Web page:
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This is a free preview of commentary that originally appeared in Real Money - the premium investment information service from TheStreet that delivers investment strategies from a veteran team of Wall Street pros, including Jim Cramer.

We always forget about Alcatel-Lucent (ALU_). Every time we think that this is the moment to buy Hewlett-Packard (HPQ_) or Research In Motion (RIMM_) or Nokia (NOK_), we forget about the financial disaster that is right in our face.

I am reminded of this because right now Alcatel-Lucent is trying to arrange a lifeline loan from Goldman Sachs (GS_) to help shore up its balance sheet and keep it alive, something that causes the stock to jump 8% today to 1.20 euros.

Lucent was a colossus that straddled the earth. It had the Bell Labs division of AT&T (T_), the brains behind AT&T and all the switching and all the fiber and all the copper. It had the greatest installed base in the world and the best international brand name. Believe me, it could rival Cisco (CSCO_) and show up Nortel every day of the week. You always knew it has the inside track on all of the big Verizon (VZ_) and AT&T deals as those companies grew and grew, and one of its former CEOs, Patricia Russo, showed me LTE in its infancy and explained how Lucent had the next-generation cell phone all to itself.

In short Lucent, at least the Lucent before it merged with Alcatel, seemed invincible. Yes, its previous CEO had inflated revenues, somewhat akin to what Hewlett-Packard accuses its Autonomy division of. But it was still winning tons of business globally after that and was considered the acknowledged leader in all wireless and wireline equipment.

Until it wasn't.

That was until Cisco passed it by in routers and switches, until the design of the cellphone itself became more important than the network, until the cloud emerged and storage farms and Internet highways, until innovation, much better mouse traps everywhere, passed it by.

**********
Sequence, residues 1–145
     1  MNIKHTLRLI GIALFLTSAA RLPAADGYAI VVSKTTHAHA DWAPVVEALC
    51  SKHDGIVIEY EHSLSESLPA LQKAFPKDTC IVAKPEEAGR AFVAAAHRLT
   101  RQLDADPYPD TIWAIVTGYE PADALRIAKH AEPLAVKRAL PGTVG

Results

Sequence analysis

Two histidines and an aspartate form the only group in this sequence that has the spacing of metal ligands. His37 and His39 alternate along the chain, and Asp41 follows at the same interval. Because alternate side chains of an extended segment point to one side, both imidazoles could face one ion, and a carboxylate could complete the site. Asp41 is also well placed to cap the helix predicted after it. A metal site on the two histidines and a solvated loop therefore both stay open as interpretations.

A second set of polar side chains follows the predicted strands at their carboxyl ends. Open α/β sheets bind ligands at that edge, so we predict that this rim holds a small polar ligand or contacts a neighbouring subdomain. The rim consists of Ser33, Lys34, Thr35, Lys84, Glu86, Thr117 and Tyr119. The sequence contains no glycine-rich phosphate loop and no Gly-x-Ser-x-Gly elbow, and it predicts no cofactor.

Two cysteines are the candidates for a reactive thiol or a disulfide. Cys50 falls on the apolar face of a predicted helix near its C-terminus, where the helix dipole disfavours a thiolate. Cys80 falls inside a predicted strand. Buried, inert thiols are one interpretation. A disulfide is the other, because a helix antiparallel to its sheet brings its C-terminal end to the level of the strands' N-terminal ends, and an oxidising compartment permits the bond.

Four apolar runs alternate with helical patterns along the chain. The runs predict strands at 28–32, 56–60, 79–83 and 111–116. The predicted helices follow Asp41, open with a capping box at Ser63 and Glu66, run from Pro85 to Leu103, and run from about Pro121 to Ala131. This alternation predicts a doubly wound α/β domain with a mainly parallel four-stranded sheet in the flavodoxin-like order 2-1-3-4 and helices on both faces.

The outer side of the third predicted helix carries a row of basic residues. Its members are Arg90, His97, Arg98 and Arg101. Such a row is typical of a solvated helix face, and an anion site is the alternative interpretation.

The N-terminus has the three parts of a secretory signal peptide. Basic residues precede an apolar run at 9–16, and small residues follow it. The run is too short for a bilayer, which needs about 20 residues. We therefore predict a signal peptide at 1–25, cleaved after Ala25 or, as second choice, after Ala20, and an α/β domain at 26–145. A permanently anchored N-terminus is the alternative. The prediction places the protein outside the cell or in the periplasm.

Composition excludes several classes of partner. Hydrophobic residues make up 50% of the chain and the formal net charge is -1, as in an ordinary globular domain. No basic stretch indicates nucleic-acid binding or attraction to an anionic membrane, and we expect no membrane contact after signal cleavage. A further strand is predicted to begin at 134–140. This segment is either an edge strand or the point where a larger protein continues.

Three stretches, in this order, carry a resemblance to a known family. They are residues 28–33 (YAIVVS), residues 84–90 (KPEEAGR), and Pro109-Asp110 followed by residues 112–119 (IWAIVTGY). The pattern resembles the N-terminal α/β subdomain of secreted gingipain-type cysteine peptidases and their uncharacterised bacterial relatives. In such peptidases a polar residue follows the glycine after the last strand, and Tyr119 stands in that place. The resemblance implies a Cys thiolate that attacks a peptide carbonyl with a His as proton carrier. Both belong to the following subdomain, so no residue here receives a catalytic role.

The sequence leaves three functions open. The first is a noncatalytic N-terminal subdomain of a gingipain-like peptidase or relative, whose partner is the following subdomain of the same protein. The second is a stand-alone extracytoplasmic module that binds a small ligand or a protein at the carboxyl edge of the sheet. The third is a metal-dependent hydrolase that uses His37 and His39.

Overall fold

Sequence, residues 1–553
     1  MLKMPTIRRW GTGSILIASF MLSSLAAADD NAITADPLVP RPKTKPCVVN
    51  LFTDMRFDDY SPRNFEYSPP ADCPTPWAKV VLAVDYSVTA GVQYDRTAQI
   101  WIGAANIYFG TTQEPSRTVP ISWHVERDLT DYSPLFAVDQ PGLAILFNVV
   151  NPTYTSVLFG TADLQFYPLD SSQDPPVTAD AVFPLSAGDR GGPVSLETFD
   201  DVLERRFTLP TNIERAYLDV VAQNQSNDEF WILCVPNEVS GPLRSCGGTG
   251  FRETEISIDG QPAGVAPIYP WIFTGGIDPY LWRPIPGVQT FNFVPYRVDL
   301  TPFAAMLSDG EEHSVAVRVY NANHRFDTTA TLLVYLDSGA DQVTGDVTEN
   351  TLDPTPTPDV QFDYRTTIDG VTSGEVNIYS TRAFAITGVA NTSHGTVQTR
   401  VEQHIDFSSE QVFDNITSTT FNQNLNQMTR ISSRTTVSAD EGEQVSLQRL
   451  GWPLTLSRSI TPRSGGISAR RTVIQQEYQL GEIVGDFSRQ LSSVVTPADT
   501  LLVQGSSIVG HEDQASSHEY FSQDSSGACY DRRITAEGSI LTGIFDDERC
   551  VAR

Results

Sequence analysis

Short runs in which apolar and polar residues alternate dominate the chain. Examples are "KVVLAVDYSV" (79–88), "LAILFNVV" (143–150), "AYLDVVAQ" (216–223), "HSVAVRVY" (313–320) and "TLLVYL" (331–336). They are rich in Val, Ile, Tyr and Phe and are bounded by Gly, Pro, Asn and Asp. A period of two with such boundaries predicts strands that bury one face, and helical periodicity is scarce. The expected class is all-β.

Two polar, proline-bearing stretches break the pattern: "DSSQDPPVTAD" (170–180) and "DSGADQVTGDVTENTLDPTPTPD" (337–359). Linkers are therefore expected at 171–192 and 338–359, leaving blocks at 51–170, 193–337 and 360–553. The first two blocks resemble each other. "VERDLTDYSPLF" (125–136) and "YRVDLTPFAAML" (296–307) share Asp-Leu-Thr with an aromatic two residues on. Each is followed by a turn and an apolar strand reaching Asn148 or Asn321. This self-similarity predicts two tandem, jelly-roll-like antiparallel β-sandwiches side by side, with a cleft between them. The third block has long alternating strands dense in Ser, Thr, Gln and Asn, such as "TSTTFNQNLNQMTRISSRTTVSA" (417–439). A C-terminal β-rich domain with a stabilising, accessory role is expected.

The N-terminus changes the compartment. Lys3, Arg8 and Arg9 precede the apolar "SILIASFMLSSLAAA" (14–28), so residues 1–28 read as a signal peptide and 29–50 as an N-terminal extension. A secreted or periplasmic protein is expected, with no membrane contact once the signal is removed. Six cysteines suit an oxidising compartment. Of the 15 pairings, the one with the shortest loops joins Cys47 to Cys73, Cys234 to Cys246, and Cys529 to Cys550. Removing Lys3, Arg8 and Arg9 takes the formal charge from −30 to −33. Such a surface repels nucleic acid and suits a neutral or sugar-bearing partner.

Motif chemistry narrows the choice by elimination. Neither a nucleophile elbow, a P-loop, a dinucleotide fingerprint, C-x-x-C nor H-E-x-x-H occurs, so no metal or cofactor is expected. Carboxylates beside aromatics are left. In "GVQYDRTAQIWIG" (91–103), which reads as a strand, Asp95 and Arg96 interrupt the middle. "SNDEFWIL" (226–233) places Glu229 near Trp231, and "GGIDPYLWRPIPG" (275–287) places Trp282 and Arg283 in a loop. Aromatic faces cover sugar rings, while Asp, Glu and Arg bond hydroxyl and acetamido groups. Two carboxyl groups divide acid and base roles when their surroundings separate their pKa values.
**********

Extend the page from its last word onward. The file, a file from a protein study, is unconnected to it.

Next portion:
It hung on. The merger with Alcatel was meant to make it so it could win as much business in Europe as it did here. But new technologies were liked there, too. The brand name? The finest brand name in the world, Bell Labs? It became like Kodak. The patents? They have millions of them. All of those Nobel Prize winners!

But the patents are for equipment that's been obviated years ago.

Now it is true that you could have been a buyer of Alcatel-Lucent all the way down. You may still be a buyer. There were so many reasons to do so, just as there are with Nokia or Research In Motion or Hewlett-Packard.

There's value all over the place.

But in the end once you have that vortex it is almost impossible to break out of it. Of the tech stocks that I follow that got into a tailspin, the only one that I have seen rescue itself in this era is Sprint (S_), and that turned out to be a monumental effort that people are still betting against. Worse, unless you bought it at $2 or $3 or maybe $4 you lost money anyway!

One last thing. Throughout this period many thought Lucent and then Alcatel-Lucent had to make it because if the balance sheet. It always had a good balance sheet, always managed the cash well. So, there were no worries. That's what made me laugh about Alcatel-Lucent's frantic bid to get a lifeline from Goldman Sachs. In the end, the cash always goes, too.
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Heh, a lot of truths in there, eh? I rode it down, as did other fellow employees, too busy to pay attention, how can it not recover!?! All I got from it was a lifetime supply of losses to counter other gains...

We built the 5E too good,too big, too fast I guess... Then locked in on CDMA and left GSM behind, when both should have been pushed, merged as they will with LTE...

All in the timing!
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